With a sizable overhaul in the summer — which will always entail the risk that things might get worse before getting better — and the house being on fire on several floors, Stoger won’t cling too much to his current job but might actually feel relieved once the season is over.
The coach simply shrugged Rode’s comments off Thursday, saying, “A lot of people have commented on my future. Sebastian Rode is just one of many.” But for Stoger to put his gig at the Westfalenstadion down on the CV with a positive footnote, Champions League qualification has to be achieved.
Holding a three-point advantage over Hoffenheim and fifth-place Bayer Leverkusen, the Black and Yellows have the best outlook going into the final matchday. Due to a better goal difference of three over Julian Nagelsmann’s men, they can afford to lose by one goal.
However, should Hoffenheim manage to beat Dortmund by two goals or more, BVB’s fate will depend on their goal difference versus Bayer Leverkusen.
Leverkusen, who host Hannover, have to effectively make up seven goals even though their goal difference is just six goals worse. They have only scored 55 goals to Dortmund’s 63, and the total amount of goals scored is the third tiebreaker for league position after points and goal difference.
Can there be the perfect storm for a side nicknamed “Neverkusen” that are scoreless in three matches and are stripped off the best goal-scorer in Kevin Volland? Dortmund surely shouldn’t rely on the Leverkusen jinx as they face a side that has won six, drawn three and lost one of their past 10 games, scoring 26 goals in the same time frame.
Nagelsmann will have to make do without his best attacker in Serge Gnabry, who was on a hot streak with seven goals and three assists in his past nine games, but BVB can match that with their own jigsaw puzzle at the back.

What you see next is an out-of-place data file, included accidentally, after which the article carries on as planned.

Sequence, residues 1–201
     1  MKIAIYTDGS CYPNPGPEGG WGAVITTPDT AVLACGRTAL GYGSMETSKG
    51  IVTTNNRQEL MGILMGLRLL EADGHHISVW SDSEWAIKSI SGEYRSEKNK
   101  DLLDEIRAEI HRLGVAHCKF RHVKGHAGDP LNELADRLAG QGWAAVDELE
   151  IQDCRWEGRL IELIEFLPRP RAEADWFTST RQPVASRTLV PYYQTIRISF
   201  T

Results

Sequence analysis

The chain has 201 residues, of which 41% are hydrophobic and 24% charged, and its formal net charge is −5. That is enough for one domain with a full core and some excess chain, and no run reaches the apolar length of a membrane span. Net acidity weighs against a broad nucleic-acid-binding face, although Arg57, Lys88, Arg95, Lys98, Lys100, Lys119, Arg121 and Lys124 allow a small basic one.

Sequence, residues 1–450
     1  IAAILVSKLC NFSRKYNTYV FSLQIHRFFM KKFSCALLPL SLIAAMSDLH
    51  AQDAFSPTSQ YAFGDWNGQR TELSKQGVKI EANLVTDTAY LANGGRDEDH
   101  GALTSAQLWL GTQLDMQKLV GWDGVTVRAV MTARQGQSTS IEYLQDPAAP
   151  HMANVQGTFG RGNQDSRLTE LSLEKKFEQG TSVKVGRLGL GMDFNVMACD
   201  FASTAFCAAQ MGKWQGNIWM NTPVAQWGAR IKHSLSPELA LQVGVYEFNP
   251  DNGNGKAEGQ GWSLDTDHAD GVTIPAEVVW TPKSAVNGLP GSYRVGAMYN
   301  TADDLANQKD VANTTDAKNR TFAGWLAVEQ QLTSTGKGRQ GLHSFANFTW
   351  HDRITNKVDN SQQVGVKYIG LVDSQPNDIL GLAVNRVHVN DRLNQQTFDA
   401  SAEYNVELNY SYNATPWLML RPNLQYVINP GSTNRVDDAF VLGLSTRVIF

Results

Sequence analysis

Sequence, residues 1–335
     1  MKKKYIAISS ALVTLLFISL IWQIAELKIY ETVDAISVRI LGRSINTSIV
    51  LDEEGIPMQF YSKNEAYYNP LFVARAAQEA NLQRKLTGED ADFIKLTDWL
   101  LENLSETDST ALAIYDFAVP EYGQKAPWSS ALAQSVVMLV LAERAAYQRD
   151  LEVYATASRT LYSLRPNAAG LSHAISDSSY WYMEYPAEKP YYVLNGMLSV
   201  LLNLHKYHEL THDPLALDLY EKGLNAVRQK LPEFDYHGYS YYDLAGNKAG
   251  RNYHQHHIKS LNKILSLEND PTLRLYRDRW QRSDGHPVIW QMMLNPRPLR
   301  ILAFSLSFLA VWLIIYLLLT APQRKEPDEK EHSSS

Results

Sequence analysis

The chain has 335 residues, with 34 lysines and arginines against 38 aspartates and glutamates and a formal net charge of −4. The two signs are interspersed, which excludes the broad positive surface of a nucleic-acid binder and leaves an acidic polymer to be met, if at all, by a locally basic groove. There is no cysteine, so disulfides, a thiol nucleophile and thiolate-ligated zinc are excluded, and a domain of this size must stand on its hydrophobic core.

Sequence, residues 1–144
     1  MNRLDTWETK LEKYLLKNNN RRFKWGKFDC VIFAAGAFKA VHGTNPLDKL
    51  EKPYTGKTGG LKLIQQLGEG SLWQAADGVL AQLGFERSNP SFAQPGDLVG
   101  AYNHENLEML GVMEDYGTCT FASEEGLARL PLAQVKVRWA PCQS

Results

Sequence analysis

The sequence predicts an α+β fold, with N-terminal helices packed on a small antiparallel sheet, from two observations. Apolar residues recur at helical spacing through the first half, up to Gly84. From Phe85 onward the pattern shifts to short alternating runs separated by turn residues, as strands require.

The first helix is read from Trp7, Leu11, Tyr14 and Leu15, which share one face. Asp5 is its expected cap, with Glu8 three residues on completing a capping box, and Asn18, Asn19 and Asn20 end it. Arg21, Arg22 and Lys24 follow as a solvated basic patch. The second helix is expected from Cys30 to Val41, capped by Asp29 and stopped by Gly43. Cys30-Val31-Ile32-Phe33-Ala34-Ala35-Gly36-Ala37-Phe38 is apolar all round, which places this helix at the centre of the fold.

Due to the suspension of Sokratis Papastathopoulos and the injury to Omer Toprak, winter signing Manuel Akanji is the only first-choice centre-back left. The 18-year-old Dan-Axel Zagadou has recovered just in time from a muscular injury, but the youngster has often looked shaky when playing at the heart of defence this season. Is a high-pressure match with nothing less but the club’s mid-term future on the line the right time for Stoger to put in a young, inexperienced centre-back? The Austrian took 23-year-old Patrick Mainka from Dortmund’s reserves on the trip to Hoffenheim, while naming the right-back another option to act as makeshift centre-back.
So Stoger will hope that the individual quality up front will make it happen for him, as he mused that Hoffenheim will have to “go with some risk, which will open spaces.” For the likes of Gotze and Shinji Kagawa, who is back from injury, this is not only the chance to secure the chance to hear the soothing sounds of the Champions League anthem but to leave a lasting impression to convince their respective national-team coaches they should be nominated for the World Cup squad.
There’s no shortage of motivation for Borussia Dortmund as a team and as individuals; the question is, will they be up to the final test?